As a result, most of the wild pythons in the United States exist in southern Florida.
The Python Problem In Southern Florida
Wild pythons started populating Florida in the late 20th century. Some experts believe the population boom started after Hurricane Andrew disheveled a python breeding facility, setting the snakes free. Some of the first snakes were likely escapees from home cages. Or maybe some were released after owners realized the responsibilities of owning a 20-foot snake.
Those animals reproduced, and the Burmese python has become a problematic invasive species as a result.
Burmese pythons are formidable predators with the ability and desire to feed on many of Florida’s native species. With few natural predators, the ability to lay 100 eggs at a time, and an extremely flexible jaw, the Burmese python has its choice of most mammals in the Everglades.
The population count is unclear, but estimates range widely from 20,000 to more than 100,000 Burmese pythons living in southern Florida. Florida has proposed an interesting solution: bounty hunters.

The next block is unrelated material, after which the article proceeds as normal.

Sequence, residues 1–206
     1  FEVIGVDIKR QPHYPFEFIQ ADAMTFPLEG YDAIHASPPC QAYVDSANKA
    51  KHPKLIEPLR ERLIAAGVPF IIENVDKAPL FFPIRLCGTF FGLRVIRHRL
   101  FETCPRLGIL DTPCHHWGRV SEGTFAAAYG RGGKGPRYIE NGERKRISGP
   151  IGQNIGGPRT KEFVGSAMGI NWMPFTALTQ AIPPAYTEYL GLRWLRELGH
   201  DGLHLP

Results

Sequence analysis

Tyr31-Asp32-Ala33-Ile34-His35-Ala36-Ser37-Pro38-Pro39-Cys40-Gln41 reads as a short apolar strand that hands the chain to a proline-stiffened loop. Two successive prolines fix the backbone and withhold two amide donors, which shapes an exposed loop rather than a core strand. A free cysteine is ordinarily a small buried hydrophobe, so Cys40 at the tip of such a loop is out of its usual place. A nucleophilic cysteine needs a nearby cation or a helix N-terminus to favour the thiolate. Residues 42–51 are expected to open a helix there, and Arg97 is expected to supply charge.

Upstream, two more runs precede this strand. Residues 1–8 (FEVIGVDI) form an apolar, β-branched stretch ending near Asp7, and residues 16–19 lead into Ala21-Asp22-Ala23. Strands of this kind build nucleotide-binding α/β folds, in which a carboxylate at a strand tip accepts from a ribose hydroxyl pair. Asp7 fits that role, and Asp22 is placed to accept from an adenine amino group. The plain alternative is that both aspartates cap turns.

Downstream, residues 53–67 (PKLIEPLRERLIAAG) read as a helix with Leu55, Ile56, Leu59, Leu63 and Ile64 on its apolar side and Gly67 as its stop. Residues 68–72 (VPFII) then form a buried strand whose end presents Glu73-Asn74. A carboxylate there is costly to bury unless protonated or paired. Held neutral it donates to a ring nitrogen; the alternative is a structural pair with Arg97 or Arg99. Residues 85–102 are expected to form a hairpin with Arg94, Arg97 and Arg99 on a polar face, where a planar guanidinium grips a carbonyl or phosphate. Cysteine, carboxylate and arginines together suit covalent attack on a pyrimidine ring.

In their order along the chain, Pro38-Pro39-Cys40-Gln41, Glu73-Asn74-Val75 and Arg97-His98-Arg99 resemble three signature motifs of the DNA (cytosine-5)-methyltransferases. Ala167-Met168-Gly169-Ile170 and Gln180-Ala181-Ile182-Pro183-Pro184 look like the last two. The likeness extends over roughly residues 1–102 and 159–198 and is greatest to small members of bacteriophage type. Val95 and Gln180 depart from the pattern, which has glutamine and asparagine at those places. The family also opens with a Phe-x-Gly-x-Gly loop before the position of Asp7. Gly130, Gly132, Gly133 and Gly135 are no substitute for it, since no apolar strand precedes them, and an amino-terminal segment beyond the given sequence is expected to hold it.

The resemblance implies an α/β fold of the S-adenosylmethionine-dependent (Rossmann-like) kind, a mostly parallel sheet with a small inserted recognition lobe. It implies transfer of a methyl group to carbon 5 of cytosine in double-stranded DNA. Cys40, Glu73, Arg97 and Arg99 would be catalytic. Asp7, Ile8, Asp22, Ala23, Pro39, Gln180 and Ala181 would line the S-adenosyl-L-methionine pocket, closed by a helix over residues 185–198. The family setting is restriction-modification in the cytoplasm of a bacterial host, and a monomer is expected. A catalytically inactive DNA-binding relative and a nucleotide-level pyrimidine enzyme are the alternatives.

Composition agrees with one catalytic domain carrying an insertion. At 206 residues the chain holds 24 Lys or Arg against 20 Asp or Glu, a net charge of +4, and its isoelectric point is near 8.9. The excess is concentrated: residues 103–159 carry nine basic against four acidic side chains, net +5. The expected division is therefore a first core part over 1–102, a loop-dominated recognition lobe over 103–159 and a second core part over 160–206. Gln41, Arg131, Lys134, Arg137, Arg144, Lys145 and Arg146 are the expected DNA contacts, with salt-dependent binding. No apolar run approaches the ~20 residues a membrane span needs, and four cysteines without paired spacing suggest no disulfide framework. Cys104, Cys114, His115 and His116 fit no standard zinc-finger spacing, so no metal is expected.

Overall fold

There are no longer any restrictions on hunting Burmese pythons, and many individuals earn a living hunting them. Hunters are paid an hourly wage, as well as a bounty for the snakes they catch.
The Python Elimination Program incentivizes citizens to humanely catch and euthanize wild pythons in Florida. Python removal agents receive $50 for the first 4 feet of the snake, then an additional $25 for every additional foot.
The snake found in the Riverside dump would have fetched about $375. Agents also get $200 for finding any “verified active nest.” It’s important to note that individual hunters have to be approved and hired by the state.
The program has removed more than 6,800 pythons in the past five years.
But Is Hunting Pythons Humane?
The presence of these snakes is extremely dangerous for all wildlife in the area. If Burmese python populations were left to run rampant, there could be significant ecological consequences to an already vulnerable habitat.
For these reasons, the Python Elimination Program is a net positive for wildlife in the area. Additionally, it has earned the approval of animal rights groups. Officials euthanize the animals according to veterinary standards.